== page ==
Blacktail Deer

A blacktail deer and her two calves in a meadow near Hurricane Ridge
A blacktail deer and her twin fawns in a meadow near Hurricane Ridge

Ken and Mary Campbell

Blacktail DeerOdocoileus hemionus columbianus

Blacktail deer may be the park's most graceful mammal. They are much smaller than Roosevelt elk, and may be seen just about anywhere within Olympic National Park, from subalpine forests and meadowlands down to river valleys. Blacktail deer are considered a subspecies of mule deer, which are common throughout much of the West. They are also closely related to the white-tailed deer, well-known throughout the eastern and Midwestern U.S.

Blacktail deer are particularly common on the edges of forests where there is adequate shelter and ample meadowland. They are often spotted grazing in mountain meadows at dawn and dusk. These graceful creatures are prominent members of the wildlife community.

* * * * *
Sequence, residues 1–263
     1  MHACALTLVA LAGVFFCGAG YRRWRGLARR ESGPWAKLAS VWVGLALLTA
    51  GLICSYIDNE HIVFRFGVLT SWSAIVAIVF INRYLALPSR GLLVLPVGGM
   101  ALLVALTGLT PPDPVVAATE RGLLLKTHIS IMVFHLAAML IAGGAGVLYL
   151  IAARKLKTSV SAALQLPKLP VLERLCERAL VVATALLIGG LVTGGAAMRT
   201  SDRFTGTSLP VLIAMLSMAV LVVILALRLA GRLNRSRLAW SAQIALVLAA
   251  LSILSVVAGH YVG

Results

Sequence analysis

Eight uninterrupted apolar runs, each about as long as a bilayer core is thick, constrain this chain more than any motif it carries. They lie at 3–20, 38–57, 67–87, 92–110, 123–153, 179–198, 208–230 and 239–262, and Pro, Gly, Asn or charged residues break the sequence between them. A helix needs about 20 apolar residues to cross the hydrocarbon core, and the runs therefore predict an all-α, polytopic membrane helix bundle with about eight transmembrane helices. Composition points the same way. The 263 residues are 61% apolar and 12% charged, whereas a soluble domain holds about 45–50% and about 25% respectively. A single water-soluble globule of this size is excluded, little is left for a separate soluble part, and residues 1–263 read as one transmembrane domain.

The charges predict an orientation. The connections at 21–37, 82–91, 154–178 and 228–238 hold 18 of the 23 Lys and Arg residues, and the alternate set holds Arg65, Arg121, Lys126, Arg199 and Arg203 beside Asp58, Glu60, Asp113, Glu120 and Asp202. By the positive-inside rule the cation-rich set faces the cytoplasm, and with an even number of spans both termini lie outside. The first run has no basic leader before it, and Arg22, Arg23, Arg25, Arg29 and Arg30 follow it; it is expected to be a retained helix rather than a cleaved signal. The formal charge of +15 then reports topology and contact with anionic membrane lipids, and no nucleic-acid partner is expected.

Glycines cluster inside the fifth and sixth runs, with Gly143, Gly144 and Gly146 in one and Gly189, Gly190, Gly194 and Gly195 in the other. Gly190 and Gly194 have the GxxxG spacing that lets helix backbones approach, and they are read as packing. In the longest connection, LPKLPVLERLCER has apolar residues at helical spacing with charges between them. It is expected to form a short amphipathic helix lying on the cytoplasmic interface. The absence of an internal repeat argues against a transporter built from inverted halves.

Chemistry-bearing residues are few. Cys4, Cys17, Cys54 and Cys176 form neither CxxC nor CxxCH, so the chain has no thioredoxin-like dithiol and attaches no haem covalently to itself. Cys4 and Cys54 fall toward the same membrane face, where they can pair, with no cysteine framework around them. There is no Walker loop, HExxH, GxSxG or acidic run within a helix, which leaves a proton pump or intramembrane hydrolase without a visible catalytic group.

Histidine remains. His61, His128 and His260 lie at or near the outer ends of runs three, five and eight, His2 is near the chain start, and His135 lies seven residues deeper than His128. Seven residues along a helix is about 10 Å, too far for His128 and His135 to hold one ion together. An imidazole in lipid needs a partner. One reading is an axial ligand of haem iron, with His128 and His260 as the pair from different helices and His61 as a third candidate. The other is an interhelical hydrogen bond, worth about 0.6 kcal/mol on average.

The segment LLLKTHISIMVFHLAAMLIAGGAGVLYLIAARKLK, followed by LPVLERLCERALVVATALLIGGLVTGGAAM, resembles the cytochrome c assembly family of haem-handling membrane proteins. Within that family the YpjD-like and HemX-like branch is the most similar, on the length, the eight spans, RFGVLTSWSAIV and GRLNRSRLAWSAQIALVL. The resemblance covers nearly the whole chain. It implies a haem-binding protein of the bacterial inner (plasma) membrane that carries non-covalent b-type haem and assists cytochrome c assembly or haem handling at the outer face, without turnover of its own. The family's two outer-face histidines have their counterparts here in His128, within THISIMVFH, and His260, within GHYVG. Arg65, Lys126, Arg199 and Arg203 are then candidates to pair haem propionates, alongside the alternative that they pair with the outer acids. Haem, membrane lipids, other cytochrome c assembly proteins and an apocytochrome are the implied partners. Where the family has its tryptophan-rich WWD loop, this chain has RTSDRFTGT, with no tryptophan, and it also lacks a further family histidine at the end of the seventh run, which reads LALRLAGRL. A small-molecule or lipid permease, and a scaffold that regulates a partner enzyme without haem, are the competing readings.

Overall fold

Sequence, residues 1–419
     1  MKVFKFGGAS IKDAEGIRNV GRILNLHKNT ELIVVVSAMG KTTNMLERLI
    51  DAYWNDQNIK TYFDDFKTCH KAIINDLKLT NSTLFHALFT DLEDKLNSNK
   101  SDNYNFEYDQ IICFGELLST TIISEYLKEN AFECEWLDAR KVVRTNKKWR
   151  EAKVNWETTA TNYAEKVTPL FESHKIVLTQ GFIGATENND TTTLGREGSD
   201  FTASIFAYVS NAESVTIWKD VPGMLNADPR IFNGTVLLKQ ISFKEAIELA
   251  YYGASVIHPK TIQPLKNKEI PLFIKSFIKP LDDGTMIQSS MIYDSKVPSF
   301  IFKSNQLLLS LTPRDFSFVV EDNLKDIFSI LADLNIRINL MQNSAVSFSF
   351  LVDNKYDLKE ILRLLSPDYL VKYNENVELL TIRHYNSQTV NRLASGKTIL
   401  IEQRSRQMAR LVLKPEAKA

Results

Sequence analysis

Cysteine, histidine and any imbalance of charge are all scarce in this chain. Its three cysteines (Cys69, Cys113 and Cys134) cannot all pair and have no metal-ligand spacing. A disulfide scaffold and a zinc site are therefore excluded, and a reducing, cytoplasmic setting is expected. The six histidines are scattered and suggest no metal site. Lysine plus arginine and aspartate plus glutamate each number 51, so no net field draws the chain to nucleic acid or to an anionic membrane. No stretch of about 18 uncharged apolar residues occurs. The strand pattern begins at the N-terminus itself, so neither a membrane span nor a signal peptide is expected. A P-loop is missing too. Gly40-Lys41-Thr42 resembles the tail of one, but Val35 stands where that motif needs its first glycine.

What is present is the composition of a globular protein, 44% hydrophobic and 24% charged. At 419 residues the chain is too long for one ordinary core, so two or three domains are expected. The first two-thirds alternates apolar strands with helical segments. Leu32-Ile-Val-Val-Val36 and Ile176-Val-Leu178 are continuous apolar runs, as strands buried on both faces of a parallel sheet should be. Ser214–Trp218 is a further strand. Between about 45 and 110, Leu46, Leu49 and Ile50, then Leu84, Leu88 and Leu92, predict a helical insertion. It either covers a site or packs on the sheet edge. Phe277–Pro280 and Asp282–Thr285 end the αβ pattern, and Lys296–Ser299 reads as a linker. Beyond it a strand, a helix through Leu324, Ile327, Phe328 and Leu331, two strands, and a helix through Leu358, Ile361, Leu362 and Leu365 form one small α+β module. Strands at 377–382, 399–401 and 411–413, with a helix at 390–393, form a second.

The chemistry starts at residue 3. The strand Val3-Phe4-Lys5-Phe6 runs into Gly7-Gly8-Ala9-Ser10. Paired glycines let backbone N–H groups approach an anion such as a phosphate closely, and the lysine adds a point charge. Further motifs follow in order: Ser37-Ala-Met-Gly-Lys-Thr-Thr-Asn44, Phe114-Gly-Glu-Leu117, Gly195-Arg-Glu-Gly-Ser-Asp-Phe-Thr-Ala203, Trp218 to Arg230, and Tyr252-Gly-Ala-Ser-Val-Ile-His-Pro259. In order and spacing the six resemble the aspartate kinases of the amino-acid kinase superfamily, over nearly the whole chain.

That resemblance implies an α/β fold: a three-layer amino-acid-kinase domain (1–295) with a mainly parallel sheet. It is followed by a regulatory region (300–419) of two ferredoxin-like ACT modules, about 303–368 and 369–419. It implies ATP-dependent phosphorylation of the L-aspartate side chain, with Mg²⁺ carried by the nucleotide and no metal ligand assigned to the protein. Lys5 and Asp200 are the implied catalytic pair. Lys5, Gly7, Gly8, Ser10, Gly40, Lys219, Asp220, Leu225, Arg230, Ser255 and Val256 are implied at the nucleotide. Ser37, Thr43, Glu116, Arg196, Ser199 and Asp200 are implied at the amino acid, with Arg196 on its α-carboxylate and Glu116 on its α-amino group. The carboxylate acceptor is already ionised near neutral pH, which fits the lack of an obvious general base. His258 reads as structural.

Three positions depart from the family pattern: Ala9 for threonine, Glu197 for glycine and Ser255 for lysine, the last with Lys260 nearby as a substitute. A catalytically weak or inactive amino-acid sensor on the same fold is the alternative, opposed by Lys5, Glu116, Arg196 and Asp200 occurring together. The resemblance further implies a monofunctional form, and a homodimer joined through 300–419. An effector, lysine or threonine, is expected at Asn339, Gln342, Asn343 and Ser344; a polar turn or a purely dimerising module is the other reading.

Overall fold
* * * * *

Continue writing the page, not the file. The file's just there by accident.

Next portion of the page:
Blacktail deer feed on different types of grasses, lichens, plants, and sometimes berries.

Role in the Ecosystem:
Blacktail deer are herbivores that lie in the middle of the food web. They are telling of the balance in the ecosystem. If there is not enough vegetation, the deer population cannot survive, leaving predators hungry. If there are not enough predators, there may be too many deer, causing over-grazing.

Fun Fact:
There are various subspecies of blacktail deer. In Olympic National Park, there are Columbian blacktail deer, which can get up to 200 pounds (90 kg).

Conservation Status:
Not threatened


Last updated: September 22, 2020

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